IOC Executive Board meeting comes to an end looking ahead to PyeongChang 2018 and beyond
After convening for two days in PyeongChang, Republic of Korea, the International Olympic Committee (IOC) Executive Board (EB) congratulated the PyeongChang Organising Committee for the Olympic and Paralympic Winter Games 2018 (POCOG) on its excellent work as the 9 February Opening Ceremony draws near.
“We can see POCOG working at full speed. The stage is set. There are always some details to be finalised, but overall the state of preparations is really extraordinary. This is thanks to a very motivated team in POCOG, but we all also owe a great thank-you to those workers who have to work out there in cold, even deep into the night, to make the latest adjustments to the venues and the fields of play,” said IOC President Thomas Bach.
Looking beyond PyeongChang, the EB approved the more than 100 measures that will be submitted to the upcoming IOC Session, which will lead to the biggest savings in the history of the Olympic Games. As part of the recommendations from Olympic Agenda 2020, they represent a fundamental rethink in the delivery of the Games. The measures will be released and further information will be made available following the formal presentation to the Session.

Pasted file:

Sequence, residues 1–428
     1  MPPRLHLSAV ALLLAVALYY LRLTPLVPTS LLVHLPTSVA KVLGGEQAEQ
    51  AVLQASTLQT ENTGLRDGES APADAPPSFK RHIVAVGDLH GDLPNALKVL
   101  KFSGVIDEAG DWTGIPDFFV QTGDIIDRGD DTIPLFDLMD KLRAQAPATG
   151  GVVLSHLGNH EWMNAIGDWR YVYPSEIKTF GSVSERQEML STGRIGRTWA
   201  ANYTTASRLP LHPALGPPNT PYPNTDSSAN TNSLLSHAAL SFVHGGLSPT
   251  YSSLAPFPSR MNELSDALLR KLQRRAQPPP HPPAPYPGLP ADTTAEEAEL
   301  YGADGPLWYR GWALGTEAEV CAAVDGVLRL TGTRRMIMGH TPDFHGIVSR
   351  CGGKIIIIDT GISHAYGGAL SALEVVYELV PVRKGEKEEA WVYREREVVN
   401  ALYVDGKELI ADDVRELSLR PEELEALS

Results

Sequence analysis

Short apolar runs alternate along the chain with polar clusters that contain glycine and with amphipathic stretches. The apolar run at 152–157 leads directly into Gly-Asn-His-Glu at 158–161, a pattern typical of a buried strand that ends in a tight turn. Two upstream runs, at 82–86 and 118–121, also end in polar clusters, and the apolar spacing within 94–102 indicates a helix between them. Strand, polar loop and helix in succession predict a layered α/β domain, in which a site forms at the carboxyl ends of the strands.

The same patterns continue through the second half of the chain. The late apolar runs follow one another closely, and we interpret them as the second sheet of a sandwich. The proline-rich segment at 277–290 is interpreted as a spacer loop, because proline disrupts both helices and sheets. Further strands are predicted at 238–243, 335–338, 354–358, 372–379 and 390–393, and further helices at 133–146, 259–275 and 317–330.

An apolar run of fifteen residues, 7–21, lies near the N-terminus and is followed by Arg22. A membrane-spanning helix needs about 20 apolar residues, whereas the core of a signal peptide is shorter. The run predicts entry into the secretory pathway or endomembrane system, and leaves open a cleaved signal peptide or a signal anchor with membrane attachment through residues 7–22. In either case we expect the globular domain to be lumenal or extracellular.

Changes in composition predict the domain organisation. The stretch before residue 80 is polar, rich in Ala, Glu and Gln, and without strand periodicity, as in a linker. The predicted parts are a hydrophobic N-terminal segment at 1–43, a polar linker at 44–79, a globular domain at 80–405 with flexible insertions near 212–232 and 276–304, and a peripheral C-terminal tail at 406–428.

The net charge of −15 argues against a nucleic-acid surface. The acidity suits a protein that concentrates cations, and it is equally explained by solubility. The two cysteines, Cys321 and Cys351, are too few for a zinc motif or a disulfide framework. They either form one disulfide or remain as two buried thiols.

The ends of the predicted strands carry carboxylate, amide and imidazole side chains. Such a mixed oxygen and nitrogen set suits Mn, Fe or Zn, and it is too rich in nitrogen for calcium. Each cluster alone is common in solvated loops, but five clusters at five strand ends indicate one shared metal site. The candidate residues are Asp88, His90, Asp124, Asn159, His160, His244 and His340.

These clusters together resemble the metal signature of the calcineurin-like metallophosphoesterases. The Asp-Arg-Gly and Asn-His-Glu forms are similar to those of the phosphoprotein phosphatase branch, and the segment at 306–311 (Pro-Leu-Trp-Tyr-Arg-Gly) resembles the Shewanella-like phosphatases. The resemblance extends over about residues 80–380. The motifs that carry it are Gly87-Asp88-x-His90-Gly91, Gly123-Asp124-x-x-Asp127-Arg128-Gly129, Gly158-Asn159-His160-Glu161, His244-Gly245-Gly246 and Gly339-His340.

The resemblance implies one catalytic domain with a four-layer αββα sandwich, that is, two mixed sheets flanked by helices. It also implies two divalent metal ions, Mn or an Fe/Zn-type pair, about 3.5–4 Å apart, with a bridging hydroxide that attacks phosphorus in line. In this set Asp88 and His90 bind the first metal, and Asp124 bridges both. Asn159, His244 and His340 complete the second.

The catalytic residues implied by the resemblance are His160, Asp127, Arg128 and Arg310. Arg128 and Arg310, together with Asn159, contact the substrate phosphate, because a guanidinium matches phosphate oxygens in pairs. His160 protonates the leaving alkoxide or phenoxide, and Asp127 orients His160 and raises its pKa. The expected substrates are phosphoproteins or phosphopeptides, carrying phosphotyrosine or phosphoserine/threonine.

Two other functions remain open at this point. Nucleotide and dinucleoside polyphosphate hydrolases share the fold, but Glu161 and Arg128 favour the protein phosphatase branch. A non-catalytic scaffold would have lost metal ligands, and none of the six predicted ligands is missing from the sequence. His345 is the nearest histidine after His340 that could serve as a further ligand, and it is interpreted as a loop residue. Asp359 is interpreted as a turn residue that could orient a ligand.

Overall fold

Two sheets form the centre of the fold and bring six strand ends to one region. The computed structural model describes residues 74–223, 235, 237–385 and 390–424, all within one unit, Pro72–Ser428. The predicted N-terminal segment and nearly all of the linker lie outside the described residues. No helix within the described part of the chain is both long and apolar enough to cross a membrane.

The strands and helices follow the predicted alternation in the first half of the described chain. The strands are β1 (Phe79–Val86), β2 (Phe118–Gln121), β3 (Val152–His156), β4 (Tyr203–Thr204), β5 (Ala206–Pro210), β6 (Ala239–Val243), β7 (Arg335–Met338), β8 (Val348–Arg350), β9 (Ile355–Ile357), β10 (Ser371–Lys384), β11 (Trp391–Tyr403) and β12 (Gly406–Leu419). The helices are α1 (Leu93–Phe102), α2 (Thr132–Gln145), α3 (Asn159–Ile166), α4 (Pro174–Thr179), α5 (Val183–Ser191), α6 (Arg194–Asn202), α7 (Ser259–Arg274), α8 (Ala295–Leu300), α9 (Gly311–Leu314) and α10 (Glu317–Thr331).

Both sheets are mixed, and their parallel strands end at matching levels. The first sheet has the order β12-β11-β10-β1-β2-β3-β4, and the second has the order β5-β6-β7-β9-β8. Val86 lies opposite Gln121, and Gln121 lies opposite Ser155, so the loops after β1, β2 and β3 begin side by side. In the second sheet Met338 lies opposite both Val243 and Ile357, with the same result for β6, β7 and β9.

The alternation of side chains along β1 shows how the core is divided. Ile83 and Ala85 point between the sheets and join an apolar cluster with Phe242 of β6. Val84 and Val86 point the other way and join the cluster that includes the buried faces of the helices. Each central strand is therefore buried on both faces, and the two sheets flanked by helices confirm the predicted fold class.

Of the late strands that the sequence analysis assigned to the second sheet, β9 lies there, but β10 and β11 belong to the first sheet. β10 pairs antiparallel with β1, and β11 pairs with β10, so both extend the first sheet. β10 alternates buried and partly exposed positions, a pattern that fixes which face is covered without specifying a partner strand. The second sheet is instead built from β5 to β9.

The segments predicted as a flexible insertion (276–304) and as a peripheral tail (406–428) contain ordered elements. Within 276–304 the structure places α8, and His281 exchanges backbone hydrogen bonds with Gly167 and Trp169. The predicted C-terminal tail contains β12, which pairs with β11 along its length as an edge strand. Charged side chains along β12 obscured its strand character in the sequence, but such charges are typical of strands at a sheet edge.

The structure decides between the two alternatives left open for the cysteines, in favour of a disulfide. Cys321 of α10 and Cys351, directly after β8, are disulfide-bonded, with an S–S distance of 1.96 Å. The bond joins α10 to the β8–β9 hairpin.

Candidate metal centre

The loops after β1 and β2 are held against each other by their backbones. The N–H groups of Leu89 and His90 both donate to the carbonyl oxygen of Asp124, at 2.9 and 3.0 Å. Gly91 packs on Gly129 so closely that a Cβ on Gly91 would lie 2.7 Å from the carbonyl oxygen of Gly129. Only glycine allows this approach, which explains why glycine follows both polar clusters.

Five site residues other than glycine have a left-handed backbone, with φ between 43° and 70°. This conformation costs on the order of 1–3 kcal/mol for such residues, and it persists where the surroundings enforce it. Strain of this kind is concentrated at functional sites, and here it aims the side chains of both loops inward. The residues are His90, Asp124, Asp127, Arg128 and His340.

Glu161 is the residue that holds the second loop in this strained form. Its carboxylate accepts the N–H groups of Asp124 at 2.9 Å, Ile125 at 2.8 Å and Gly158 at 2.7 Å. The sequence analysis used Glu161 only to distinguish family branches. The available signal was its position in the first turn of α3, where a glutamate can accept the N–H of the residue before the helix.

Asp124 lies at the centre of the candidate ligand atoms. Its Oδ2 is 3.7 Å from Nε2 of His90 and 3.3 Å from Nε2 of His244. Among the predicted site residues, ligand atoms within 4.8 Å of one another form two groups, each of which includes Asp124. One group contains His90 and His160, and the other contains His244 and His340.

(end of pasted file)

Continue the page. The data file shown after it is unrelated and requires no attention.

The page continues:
“We started this rethinking by simplifying the candidature process, and we have had very positive feedback from National Olympic Committees and Interested Cities that are considering candidatures for 2026,” explained Bach. “This has encouraged us to take the same approach for the organisation of the Games. To put it in a nutshell, this new norm has the potential for savings of one billion US dollars for the Olympic and Paralympic Games, and 500 million US dollars for the Olympic and Paralympic Winter Games.”
The future of the Youth Olympic Games was also the subject of discussion. The Board decided to propose to the Session that the next edition, in 2022, takes place in Africa, with the goal of electing a host city at the IOC Session in Buenos Aires, in October. If the proposal is approved, the IOC will proactively contact a number of African National Olympic Committees (NOCs) to evaluate the feasibility of this approach.